"And now for something completely different."
Obscure Movie Review explores films that are more-or-less mainstream (or at least supposed to be), with actors and directors you've heard of, but flew under the radar. And determine if they're a Hidden Gem, Missed Opportunity, Guilty Pleasure, or Best Forgotten.
The Last Boy Scout was an action-buddy-comedy movie based around American football and the sordid world of organised crime; its cast was an all-star team; coached by a director with an impressive CV; and with a budget that would've breached any salary cap. But it just wasn't a winner.
We're going to a ball game
Released in 1991 and directed by the late Tony Scott (Top Gun, Beverly Hills Cop II, Days of Thunder), this would-be blockbuster sees Bruce Willis as private investigator and disgraced ex Secret Service agent Joe Hallenbeck team up with Damon Wayans's discarded quarterback Jimmy Dix.
The pair are brought together when Dix's girlfriend Cory - played by the then unknown Halle Berry - hires Hallenbeck, for what he believes is to protect her from a stalker. However, when she's murdered they discover she was attempting to blackmail the owner of Dix's former team Sheldon Marcone - Noble Willingham, of Walker, Texas Ranger fame.
Marcone is attempting to get sports gambling legalised - a funny proposition when watching this film from an Australian perspective, where the activity is plentiful - but he's hit something of a hurdle. A congressional investigation into the legislation change is being chaired by the corrupt Senator Calvin Baynard, who is proving to be expensive to bride.
Furthermore, he's Hallenbeck's former boss - from his Secret Service days - and given the way things ended, Marcone knows he's got the perfect patsy if "something should happen" to the senator.
It's all of the punching, shooting, explosions, and one-liners you'd ever want in a movie of this ilk. As Hallenbeck and Dix fight to foil the scheme and clear their respective names, all while being tailed by Marone's menacing right-hand man Milo - played by the late Taylor Negron.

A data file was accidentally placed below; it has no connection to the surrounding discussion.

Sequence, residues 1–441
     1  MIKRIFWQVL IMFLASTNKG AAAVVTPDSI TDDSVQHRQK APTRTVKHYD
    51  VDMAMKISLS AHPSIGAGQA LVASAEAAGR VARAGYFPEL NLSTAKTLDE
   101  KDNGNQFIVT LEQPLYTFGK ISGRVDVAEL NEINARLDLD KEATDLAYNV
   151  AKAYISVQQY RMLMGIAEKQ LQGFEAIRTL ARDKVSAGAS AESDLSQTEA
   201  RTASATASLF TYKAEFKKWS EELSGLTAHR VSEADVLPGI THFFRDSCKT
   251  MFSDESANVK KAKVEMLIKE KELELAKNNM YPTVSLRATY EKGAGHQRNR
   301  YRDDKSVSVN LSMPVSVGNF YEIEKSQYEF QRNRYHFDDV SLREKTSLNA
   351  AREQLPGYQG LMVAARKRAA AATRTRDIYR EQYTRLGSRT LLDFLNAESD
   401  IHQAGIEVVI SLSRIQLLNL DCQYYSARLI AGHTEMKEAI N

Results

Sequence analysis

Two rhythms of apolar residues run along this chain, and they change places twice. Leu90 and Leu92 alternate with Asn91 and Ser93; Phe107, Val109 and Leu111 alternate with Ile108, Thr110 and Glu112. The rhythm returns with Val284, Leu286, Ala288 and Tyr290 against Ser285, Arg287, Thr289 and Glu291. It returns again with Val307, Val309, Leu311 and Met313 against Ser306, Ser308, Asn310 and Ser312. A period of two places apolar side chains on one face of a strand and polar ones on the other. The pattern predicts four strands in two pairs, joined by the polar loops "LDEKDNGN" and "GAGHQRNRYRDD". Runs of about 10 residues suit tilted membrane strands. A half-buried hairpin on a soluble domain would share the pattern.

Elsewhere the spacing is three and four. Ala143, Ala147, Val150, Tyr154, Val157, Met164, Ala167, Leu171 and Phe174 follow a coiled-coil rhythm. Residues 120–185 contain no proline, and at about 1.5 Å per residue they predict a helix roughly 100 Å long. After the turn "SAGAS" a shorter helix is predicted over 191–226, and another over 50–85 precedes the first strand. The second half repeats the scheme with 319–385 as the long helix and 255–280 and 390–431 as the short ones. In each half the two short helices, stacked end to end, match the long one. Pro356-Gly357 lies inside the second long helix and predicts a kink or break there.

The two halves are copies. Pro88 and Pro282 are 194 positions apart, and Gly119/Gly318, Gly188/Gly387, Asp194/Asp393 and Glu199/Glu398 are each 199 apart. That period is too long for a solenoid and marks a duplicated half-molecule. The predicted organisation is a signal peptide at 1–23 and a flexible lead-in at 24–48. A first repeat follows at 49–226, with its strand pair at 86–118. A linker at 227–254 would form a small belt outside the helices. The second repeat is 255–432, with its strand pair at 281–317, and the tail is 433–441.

You probably noticed...
The football teams in The Last Boy Scout are made-up, because it's hard to imagine that the NFL would want any of their's associated with a movie about organised crime and bribery - even if it's fictional.
Set in Los Angeles, the plot revolves around the LA Stallions whose team colours are black and white. This was quite clever, because at the time the [very real] Oakland Raiders were the LA Raiders and their jerseys were black and silver.
The film's climax takes place at the packed LA Memorial Coliseum - the Raiders' home ground during their stint in the city - with the Raiders fans substituting for Stallions fans.
What's in a song?
The opening credits would sound familiar to Australian rugby league fans from the 1990s, as it features the song 'Friday Night's a Great Night for Football'. This version was performed by Bill Medley, who had found fame as one half of The Righteous Brothers and four years prior had a number-one hit with his duet with Jennifer Warnes '(I've Had) The Time of My Life' from the Dirty Dancing soundtrack.